Sometimes he visits the earth in disguise (J.v.33).

context information

Theravāda is a major branch of Buddhism having the the Pali canon (tipitaka) as their canonical literature, which includes the vinaya-pitaka (monastic rules), the sutta-pitaka (Buddhist sermons) and the abhidhamma-pitaka (philosophy and psychology).

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India history and geography

Source: What is India: Epigraphia Indica volume 4 (1896-97)

Inda II or Indra II, son of Kakka I, is the name of an ancient king from the Rāṣṭrakūṭa dynasty, as mentioned in the “Kaḍaba plates of Prabhūtavarṣa” (9th century A.D.). These copper-plates (mentioning Inda) were found at Kaḍaba, situated in the Tumkūr district of the Mysore State. It records that the king Prabhūtavarṣa, (i.e. Govinda III.) presented the village of Jālamaṅgala to the Jaina muni Arkakīrti, on behalf of the temple of Jinendra at Śilāgrāma. It is dated to the 24th May A.D. 812.

India history book cover
context information

The history of India traces the identification of countries, villages, towns and other regions of India, as well as royal dynasties, rulers, tribes, local festivities and traditions and regional languages. Ancient India enjoyed religious freedom and encourages the path of Dharma, a concept common to Buddhism, Hinduism, and Jainism.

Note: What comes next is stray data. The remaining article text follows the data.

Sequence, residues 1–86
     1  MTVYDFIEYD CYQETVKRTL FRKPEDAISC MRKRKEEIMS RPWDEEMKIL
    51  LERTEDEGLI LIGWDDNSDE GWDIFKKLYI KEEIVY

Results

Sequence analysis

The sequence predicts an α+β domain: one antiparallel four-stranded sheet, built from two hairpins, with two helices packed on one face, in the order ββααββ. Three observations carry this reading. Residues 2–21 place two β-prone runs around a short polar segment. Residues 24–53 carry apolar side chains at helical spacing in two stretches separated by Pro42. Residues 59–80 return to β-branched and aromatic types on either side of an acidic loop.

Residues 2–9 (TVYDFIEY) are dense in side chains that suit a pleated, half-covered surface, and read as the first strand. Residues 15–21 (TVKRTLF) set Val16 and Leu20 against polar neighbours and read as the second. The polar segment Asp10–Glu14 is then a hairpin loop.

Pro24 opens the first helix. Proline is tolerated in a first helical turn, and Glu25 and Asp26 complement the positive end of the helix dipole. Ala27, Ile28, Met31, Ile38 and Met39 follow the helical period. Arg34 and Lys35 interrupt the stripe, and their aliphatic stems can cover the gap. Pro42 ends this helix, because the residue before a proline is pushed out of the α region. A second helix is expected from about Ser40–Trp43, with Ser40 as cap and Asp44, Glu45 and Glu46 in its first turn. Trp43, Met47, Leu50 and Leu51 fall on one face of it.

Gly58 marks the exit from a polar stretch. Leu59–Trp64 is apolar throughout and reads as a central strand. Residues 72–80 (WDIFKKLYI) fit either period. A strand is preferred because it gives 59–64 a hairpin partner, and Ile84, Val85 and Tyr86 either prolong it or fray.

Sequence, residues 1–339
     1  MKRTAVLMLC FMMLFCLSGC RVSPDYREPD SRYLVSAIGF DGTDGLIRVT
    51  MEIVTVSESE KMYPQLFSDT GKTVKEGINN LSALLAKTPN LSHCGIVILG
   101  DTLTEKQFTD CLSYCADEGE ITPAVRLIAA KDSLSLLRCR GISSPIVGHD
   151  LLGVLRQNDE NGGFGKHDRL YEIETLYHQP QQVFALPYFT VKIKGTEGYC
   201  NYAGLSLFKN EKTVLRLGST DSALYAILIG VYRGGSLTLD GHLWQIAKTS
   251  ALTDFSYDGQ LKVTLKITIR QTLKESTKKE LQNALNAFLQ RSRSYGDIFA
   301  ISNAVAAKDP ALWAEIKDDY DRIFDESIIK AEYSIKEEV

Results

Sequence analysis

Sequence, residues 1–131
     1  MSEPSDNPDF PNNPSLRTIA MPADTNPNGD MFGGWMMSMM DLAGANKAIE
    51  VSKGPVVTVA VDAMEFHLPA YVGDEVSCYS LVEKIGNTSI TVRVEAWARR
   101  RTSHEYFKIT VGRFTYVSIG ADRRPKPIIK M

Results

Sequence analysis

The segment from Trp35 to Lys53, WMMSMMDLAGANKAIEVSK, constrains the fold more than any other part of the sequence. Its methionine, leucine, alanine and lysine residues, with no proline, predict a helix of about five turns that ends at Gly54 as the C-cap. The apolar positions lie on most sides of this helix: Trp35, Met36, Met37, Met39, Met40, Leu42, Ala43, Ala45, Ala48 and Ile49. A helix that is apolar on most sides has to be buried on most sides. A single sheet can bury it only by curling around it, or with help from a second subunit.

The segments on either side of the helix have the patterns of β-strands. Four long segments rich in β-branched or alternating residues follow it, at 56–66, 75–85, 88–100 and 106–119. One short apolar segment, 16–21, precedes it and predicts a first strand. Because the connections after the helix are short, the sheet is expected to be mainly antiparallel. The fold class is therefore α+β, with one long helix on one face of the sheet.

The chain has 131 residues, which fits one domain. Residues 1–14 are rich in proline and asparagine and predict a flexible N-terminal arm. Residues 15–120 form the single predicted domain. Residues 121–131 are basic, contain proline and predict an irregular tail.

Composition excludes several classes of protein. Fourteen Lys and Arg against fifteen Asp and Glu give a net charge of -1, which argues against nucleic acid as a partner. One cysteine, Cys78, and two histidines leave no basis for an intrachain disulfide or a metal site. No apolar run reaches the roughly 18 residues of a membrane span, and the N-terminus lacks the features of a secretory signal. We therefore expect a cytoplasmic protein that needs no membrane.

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Languages of India and abroad

Pali-English dictionary

Source: BuddhaSasana: Concise Pali-English Dictionary

inda : (m.) lord; king; the Vedic go Indra; the king of devas.

Source: Sutta: The Pali Text Society's Pali-English Dictionary

Inda, (Vedic indra, most likely to same root as indu moon, viz. *Idg. *eid to shine, cp. Lat. īdūs middle of month (after the full moon), Oir. ēsce moon. Jacobi in K. Z. XXXI. 316 sq. connects Indra with Lat. neriosus strong & Nero).—1. The Vedic god Indra D. I, 244; II, 261, 274; Sn. 310, 316, 679, 1024; Nd1 177.—2. lord, chief, king. Sakko devānaṃ indo D. I, 216, 217; II, 221, 275; S. I, 219. Vep’citti asurindo S. I, 221 ff. manussinda, S. I, 69, manujinda, Sn. 553, narinda, Sn. 863, all of the Buddha, “chief of men” ; cp. Vism. 491. (Europeans have found a strange difficulty in understanding the real relation of Sakka to Indra. The few references to Indra in the Nikāyas should be classed with the other fragments of Vedic mythology to be found in them. Sakka belongs only to the Buddhist mythology then being built up. He is not only quite different from Indra, but is the direct contrary of that blustering, drunken, god of war. See the passages collected in Dial. II. 294‹-› 298. The idiom sa-Indā devā, D. II, 261, 274; A. V, 325, means “the gods about Indra, Indra’s retinue” , this being a Vedic story. But Devā Tāvatiṃsā sahindakā means the T. gods together with their leader (D. II, 208—212; S. III, 90; cp. Vv 301) this being a Buddhist story).

Pali book cover
context information

Pali is the language of the Tipiṭaka, which is the sacred canon of Theravāda Buddhism and contains much of the Buddha’s speech. Closeley related to Sanskrit, both languages are used interchangeably between religions.